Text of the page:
An unknown author once said, “Time spent with family is worth every second.” I think we’d all agree how very true this is.
Each summer our grandchildren who live in Alabama come to San Diego to spend a few weeks with us. This California trip is always one of the highlights of their summer; and ours.
We’re always on the lookout for new things to do in San Diego with kids that align with their ages and interests. These San Diego kid-friendly activities are mostly free or very inexpensive, but more importantly, showcase the uniqueness of our amazing town.
San Diego is world-renowned for its practically picture-perfect weather making it an outdoor lovers’ nirvana. It’s easy to have fun in the sun here while not putting a whole lot of strain on the pocketbook.
Let’s look at some of these free San Diego adventures that have provided a whole lot of fun family time –and some great memories to boot.
10 Free Things To Do in San Diego With Kids
Have fun with these San Diego free kids activities and ideas that will make your kids and your wallet happy.
It’s always fun to play in the surf, and with over 70 miles of pristine coastline, it’s easy to find a San Diego beach that’s perfect for kids.
Each has its own special vibe. One of our grandkids’ favorites is Coronado Beach, whose glittery white sands have been listed among the world’s best. Its calmer waters are ideal for swimming or body-boarding with a slow descending slope into ocean waters. Kids and big kids alike ooh and ahh over the sand castle creations by San Diego’s Bill Bavlaka, known as the King of Sandcastles.
La Jolla Shores is a mile-long stretch of crescent sand that’s a great destination for picnicking, boogie-boarding, and swimming. Anchored by the Scripps Institute of Oceanography pier, it’s a popular launching ground for kayakers and scuba divers. At night, you’ll love the scent and glow of beach fires. And what kid doesn’t love a fire, especially when the s’mores are calling?
Nestled along San Diego’s stunning coastline, fascinating tidal ecosystems offer curious explorers a chance to discover treasures of sea life and reefs at low tide and discuss the importance of environmental conservation.
Two excellent tide pool areas can be found at Cabrillo National Monument Tide Pools, filled with plants, invertebrates and fish along with anemones, lobsters, and even octopus.
Our kiddos also loved the tide pools near La Jolla cove with almost other-worldly rock formations, hermit crabs, mussels, barnacles, seagrass, and more fish life. It’s such a great learning experience for the entire family, and there’s always the challenge of who gets the coolest find.
Watching the Paragliders
Located on the steep sea cliffs of Torrey Pines where Charles Lindbergh took his first maiden flight, the Torrey Pines Gliderport is the place where thrill seekers take wing for an exhilarating journey to paraglide and hang glide over the Pacific.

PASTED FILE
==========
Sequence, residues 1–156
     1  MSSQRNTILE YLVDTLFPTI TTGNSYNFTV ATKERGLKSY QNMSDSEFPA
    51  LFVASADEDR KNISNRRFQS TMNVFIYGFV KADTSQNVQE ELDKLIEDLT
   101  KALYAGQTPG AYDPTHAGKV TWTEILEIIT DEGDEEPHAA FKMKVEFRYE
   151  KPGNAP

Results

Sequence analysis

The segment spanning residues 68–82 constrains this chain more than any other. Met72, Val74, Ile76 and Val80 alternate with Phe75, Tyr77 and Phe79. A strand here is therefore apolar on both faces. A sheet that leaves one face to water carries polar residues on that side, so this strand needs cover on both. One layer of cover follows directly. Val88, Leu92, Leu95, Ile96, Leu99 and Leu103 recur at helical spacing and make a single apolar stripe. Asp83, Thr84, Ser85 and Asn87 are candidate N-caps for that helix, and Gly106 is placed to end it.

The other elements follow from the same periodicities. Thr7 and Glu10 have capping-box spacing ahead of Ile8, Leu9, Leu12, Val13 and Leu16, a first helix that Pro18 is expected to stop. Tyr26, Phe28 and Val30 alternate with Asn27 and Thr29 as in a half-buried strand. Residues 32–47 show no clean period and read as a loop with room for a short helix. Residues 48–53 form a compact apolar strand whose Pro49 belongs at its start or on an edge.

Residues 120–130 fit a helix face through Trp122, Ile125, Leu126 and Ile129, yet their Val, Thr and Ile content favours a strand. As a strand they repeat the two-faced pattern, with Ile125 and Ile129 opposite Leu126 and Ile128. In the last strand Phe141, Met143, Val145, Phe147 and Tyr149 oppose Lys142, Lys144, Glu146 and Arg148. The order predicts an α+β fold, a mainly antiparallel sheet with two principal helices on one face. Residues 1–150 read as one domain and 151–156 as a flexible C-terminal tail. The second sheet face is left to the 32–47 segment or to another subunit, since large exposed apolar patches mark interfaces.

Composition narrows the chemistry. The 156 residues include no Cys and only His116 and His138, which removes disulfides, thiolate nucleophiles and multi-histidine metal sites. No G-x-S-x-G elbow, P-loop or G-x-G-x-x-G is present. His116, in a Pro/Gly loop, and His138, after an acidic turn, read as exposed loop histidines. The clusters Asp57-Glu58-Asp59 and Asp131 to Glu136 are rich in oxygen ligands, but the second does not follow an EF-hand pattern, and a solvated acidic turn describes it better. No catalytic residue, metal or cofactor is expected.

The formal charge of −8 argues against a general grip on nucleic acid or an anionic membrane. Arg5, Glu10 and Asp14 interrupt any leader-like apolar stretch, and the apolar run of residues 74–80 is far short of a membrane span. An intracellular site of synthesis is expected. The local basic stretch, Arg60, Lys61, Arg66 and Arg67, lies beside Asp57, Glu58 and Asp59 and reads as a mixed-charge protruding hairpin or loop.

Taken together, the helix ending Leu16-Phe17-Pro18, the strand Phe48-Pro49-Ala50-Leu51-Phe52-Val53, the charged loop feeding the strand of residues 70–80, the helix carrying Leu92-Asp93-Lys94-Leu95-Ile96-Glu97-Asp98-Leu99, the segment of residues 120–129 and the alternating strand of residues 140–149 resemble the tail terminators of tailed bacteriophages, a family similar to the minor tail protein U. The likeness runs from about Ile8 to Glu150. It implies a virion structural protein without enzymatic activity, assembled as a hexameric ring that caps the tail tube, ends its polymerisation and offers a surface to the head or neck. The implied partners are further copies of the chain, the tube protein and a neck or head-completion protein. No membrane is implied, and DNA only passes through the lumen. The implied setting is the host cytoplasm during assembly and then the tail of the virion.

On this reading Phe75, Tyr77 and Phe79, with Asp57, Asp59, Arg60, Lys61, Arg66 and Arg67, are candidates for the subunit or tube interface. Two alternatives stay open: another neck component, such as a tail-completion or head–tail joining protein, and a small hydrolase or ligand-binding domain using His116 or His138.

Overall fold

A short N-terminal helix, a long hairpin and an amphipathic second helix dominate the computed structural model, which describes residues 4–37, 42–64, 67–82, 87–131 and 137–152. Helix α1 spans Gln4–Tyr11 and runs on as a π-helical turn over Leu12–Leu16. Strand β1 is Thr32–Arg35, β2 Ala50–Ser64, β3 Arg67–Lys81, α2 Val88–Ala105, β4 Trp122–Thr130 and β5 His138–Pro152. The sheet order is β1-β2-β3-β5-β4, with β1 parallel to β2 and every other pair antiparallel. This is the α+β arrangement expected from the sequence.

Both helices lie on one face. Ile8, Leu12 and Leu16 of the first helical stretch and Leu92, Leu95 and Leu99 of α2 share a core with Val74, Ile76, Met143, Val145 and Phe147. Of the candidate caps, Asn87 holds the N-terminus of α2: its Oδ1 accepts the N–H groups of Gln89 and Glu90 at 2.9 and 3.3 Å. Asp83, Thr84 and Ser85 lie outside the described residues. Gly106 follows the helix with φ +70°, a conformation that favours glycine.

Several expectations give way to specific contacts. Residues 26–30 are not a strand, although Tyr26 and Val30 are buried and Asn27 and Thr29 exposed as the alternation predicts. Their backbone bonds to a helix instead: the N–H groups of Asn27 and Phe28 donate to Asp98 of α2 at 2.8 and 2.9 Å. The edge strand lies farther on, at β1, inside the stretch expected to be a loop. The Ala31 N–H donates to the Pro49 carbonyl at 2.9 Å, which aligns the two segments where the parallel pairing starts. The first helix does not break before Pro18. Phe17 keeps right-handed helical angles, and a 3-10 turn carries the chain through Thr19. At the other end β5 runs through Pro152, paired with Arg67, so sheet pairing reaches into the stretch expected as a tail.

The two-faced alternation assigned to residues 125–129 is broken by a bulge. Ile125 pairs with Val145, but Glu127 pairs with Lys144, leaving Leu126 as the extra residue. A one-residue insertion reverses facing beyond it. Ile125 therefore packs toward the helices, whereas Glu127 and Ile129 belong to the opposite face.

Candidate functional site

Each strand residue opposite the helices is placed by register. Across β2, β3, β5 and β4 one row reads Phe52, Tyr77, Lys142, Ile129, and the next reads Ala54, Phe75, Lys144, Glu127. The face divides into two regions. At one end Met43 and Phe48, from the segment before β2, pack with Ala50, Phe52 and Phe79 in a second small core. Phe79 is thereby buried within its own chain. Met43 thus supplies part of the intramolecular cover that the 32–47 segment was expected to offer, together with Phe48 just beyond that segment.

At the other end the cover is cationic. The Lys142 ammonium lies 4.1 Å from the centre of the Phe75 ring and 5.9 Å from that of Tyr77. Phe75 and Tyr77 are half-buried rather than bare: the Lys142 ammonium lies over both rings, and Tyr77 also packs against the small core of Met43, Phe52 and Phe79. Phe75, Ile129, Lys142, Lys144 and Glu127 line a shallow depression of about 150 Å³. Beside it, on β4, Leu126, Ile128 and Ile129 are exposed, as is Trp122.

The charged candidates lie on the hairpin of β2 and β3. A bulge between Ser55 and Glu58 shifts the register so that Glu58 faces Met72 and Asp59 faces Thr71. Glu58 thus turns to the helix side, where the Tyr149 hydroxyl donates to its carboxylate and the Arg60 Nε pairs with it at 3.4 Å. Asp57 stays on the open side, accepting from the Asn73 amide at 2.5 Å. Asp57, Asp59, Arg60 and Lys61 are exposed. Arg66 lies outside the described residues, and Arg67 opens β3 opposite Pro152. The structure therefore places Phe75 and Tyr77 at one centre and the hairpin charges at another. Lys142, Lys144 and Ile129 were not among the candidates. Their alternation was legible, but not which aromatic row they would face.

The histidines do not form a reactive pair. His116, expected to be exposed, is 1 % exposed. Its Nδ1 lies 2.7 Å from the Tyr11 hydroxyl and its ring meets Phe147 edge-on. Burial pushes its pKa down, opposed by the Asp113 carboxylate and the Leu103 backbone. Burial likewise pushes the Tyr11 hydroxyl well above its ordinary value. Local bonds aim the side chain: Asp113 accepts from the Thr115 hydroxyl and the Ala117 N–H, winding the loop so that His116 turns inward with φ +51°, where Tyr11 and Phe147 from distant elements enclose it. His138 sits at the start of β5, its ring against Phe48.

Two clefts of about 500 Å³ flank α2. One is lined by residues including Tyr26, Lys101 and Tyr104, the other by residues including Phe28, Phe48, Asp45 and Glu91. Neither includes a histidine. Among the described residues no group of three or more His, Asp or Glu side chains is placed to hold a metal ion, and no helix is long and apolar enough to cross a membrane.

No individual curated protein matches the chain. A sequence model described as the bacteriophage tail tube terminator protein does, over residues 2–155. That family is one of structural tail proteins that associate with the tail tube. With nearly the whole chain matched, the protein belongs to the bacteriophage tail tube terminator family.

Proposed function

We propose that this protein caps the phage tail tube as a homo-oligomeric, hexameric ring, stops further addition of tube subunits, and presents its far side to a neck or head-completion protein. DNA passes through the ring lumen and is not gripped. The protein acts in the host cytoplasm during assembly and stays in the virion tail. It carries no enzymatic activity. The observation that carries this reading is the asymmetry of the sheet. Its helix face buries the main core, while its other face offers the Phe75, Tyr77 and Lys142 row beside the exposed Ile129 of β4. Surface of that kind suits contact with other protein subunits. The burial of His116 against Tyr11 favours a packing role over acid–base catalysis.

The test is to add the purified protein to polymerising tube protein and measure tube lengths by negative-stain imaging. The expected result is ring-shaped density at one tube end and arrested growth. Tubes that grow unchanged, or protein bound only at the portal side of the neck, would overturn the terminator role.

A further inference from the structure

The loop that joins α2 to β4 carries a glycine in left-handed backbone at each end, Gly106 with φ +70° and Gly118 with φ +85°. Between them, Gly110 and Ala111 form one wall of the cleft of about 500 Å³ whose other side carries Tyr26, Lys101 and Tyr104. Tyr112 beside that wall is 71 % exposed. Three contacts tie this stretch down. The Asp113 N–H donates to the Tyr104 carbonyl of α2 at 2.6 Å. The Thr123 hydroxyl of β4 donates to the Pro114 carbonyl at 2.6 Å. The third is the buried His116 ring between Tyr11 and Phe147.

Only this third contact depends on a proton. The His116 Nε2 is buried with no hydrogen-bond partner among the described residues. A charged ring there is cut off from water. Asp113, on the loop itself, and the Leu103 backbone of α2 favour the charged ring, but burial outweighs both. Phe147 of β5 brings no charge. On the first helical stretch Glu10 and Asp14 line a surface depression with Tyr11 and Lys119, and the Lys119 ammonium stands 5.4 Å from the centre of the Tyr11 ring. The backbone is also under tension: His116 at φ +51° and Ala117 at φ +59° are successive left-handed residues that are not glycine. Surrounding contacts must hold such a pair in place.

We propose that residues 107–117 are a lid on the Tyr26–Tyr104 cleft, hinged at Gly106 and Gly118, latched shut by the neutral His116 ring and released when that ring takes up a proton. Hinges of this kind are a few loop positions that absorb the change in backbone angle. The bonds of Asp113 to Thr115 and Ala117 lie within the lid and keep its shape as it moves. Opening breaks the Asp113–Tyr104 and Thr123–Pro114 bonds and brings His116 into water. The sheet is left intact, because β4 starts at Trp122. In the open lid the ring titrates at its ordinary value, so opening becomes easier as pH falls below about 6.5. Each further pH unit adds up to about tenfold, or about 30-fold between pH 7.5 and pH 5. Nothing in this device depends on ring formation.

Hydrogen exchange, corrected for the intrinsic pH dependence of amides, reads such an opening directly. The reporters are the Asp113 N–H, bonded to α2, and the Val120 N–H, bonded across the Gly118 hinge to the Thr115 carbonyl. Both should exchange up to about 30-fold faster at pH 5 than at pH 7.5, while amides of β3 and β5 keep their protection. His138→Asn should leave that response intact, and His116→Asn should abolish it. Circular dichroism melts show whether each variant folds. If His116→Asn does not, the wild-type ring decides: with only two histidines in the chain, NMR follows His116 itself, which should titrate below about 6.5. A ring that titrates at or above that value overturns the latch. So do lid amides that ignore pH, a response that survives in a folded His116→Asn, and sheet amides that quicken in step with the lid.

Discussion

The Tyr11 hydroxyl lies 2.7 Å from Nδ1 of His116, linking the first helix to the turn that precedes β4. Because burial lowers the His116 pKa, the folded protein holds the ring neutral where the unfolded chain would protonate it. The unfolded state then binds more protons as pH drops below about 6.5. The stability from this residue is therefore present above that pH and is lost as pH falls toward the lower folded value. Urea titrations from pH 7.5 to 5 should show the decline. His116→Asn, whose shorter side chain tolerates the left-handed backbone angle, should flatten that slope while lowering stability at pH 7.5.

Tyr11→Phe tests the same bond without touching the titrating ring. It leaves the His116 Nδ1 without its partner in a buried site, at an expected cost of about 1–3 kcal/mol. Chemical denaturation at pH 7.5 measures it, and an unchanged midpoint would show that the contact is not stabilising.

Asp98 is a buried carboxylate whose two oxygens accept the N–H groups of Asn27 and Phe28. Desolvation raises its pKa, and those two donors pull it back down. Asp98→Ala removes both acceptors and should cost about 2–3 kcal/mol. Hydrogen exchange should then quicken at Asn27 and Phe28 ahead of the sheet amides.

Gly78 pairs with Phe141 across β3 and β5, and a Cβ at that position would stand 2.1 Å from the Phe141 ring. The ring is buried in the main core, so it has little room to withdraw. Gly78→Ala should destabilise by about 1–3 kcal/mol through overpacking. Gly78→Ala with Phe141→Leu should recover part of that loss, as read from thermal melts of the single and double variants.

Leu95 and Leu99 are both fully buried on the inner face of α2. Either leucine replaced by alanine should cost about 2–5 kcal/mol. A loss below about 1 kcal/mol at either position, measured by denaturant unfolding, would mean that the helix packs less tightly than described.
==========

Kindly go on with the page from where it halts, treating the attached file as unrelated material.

What we did as a quick stop on our way back from the beach one day, ended up being a one-hour stay as the kids excitedly begged to see “just one more flier take off and land.” Of no surprise, one of their goals now is to be old enough to take their own flight!
Hiking Torrey Pines
San Diego has a multitude of great hiking trails, and since we love to hike, we thought it might be nice to introduce our grandchildren to the joys of hiking. We selected Torrey Pines State Natural Reserve for a number of reasons. While paid parking is available within the reserve, many choose free parking along the beach.
Please note that the trails on top of the cliff are currently closed. Please check the website for current information.
We chose the Razor Point Trail with easy wilderness paths and a series of fun rocks to climb. Along the way, we learned about the local floral and fauna from guide maps provided at the entrance.
The closer we got to the ocean, the more excited the kids became. We made the experience more magical by packing plenty of drinks, snacks, a canteen, and binoculars and assigning roles – one got to be the scout, and the other a ranger.
And who would guess that the grand prize would be the spectacle of a pod of dolphins frolicking playfully in the wave breaks? The kids (big and little) were ecstatic.
Cabrillo Monument and Old Point Loma Lighthouse
Where can you hike to a lighthouse, see breathtaking views of the Pacific and downtown San Diego, watch ships pass under the Coronado Bridge, and learn about the history of San Diego all in the same day?
Located at the southern tip of the Point Loma peninsula, Cabrillo National Monument marks the spot where explorer Juan Rodriguez Cabrillo became the first European to set foot on the west coast in 1542. An educational museum and wayside boards located throughout the park enable kids to spot different types of Navy and civilian ships, aircraft, wildlife, and landscape features. Telescopes on the observation deck provide opportunities for closer views.